Ridiculous History

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Did San Diego fall victim to a real-life weather manipulating supervillain? What on Earth are Soviet bone records? Each week, longtime friends and veteran podcasters Ben Bowlin and Noel Brown dive into some of the weirdest stories from across the span of human civilization in Ridiculous History, a podcast by HowStuffWorks.

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Website
https://www.ridiculoushistoryshow.com/podcasts/ridiculous-history.rss
Description
History is beautiful, brutal and, often, ridiculous. Join Ben Bowlin and Noel Brown as they dive into some of the weirdest stories from across the span of human civilization in Ridiculous History, a podcast by HowStuffWorks.
Language
🇬🇧 English
last modified
2019-11-14 21:50
last episode published
2019-11-14 18:33
publication frequency
3.43 days
Contributors
applepodcast@howstuffworks.com (HowStuffWorks) managing editor  
HowStuffWorks author   owner  
Explicit
false
Number of Episodes
222
Rss-Feeds
Detail page
Categories
Society & Culture Science & Medicine History Literature

Recommendations


Episodes

Date Thumb Title & Description Contributors
14.11.2019

How Bertha Heyman Conned Her Way Into Show Business

Bertha Heyman was a notorious con artist with a robust rap sheet and a penchant for bilking well-to-do, otherwise shrewd men. Listen in to learn how Bertha's life of crime led her, oddly enough, into showbiz. Learn more about your ad-choices at https:...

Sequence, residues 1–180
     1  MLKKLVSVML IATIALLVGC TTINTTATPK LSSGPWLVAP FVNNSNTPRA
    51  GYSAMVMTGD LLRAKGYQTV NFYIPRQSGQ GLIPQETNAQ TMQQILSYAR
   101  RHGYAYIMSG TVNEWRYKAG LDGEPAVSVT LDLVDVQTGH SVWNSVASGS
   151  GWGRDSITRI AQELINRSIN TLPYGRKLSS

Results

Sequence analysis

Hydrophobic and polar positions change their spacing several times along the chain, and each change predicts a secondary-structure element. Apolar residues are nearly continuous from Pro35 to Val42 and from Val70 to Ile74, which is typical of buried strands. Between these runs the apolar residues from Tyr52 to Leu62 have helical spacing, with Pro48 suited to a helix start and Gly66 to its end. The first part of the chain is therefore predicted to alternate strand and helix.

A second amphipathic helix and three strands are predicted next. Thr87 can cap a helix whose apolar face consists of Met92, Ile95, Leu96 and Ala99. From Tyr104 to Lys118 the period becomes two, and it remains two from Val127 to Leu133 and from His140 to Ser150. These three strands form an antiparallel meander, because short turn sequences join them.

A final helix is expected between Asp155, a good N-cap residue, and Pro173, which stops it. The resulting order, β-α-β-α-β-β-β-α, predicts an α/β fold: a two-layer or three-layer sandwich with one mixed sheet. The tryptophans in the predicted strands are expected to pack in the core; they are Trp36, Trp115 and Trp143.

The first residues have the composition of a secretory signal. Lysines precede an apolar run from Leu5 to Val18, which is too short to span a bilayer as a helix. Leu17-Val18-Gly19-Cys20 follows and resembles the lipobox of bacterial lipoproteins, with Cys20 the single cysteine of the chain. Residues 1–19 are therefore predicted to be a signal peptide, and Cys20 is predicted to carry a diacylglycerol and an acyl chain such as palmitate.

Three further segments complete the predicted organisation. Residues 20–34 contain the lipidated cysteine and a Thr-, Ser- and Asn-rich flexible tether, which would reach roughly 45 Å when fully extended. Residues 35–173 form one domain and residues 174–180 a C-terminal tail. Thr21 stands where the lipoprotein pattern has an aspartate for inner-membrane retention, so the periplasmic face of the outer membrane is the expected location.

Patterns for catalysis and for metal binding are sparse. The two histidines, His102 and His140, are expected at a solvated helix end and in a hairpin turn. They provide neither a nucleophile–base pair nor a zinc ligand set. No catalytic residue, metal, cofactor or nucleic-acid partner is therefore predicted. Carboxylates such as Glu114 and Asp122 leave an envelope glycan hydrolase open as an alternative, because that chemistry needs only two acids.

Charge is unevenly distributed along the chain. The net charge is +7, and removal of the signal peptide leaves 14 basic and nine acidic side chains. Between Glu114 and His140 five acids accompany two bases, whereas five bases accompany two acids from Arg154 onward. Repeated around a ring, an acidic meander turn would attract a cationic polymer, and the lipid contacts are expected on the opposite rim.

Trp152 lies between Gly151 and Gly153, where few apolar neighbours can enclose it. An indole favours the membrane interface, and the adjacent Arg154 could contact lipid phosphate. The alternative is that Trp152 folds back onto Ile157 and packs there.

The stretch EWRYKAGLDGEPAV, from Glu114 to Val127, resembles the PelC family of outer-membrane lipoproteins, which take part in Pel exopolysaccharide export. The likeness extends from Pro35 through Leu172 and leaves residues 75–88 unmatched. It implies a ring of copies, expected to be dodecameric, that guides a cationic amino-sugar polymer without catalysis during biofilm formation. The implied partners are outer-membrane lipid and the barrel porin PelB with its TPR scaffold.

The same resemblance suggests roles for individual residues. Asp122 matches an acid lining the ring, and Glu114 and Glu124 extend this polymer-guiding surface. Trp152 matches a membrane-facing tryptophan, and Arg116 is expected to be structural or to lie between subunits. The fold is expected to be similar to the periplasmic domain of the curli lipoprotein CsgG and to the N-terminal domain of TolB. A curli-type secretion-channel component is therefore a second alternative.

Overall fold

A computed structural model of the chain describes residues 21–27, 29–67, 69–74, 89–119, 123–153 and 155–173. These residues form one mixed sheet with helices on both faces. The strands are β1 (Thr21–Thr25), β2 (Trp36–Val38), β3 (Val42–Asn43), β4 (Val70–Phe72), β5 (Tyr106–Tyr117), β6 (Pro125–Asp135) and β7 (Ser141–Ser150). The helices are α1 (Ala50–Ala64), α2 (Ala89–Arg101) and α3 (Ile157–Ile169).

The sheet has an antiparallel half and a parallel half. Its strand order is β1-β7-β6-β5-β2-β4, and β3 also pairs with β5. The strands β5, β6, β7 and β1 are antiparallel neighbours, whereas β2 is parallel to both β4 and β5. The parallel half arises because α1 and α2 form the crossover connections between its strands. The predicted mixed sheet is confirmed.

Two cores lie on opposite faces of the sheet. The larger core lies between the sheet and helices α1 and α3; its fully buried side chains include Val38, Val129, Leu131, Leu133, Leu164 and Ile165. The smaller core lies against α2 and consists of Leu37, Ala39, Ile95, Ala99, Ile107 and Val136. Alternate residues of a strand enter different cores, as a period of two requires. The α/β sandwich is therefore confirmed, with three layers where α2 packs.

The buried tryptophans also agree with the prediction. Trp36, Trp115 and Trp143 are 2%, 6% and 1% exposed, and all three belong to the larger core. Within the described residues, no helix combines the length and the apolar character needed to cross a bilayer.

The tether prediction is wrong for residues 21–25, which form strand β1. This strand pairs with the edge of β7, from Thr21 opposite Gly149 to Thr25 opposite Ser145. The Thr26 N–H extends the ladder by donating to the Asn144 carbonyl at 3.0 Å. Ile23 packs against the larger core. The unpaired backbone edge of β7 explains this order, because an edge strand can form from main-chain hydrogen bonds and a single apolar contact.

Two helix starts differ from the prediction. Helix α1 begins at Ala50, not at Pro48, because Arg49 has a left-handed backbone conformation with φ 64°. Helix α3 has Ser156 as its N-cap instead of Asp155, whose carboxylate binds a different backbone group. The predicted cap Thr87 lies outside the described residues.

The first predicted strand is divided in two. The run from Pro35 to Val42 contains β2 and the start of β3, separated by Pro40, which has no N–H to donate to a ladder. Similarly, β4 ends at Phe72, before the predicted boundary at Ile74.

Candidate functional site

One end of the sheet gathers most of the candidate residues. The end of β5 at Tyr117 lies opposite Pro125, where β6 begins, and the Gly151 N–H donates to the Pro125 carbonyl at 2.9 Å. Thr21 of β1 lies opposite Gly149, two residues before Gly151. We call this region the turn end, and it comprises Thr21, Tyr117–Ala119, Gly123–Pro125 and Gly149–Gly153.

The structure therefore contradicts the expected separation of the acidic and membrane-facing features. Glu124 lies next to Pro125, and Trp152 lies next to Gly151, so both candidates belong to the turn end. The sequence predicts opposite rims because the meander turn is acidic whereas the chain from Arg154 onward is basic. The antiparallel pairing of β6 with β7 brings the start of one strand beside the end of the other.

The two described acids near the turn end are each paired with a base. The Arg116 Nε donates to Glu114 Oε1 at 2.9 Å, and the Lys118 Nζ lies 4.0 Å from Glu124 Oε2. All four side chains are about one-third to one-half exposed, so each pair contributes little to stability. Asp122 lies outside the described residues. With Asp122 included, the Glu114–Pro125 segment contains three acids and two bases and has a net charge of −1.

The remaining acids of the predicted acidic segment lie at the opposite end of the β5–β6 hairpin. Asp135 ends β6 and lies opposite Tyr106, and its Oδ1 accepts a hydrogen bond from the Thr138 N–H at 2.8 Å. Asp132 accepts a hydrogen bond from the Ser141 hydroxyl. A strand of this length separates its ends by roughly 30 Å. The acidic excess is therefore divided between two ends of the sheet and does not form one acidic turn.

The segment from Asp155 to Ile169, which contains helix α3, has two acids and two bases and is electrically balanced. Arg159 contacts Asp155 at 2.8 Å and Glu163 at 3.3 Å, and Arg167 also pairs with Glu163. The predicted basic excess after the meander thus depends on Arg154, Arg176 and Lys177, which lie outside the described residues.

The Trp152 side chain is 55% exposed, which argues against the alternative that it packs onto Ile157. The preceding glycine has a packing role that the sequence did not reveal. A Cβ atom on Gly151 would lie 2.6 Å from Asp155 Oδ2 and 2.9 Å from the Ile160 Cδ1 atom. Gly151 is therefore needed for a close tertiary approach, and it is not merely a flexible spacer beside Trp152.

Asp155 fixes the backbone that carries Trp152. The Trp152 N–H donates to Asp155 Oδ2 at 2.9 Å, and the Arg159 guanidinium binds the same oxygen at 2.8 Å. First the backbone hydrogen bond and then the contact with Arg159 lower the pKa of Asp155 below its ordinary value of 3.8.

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12.11.2019

That Time Germany Got Obsessed With Polar Bear Photos

When French photo collector Jean-Marie Donat stumbled upon his first vintage picture of a German dressed as a polar bear, he initially thought it was just an odd historical anomaly -- at least, that is, until he found a second one. And then a third. An...
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7.11.2019

Rose Mackenberg: Houdini's Ghostbuster

While the papers of the time relegated Rose Mackenberg to a sidekick role as the "girl detective" working with famed skeptic and escape artist Harry Houdini, this spiritualist-turned-spook-spy spent decades busting con artists purporting to be mediums....
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5.11.2019

Science and Spiritualism: Why were ghost stories so popular in the 1800s?

Nowadays western historians tend to regard the scientific progress of the 19th century as a linear, indelible line from one breakthrough to the next. Yet these astonishing innovations in science occurred in step with a resurrection of paranormal belief...
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1.11.2019

John of Bohemia, the Blind King Who Charged Into Battle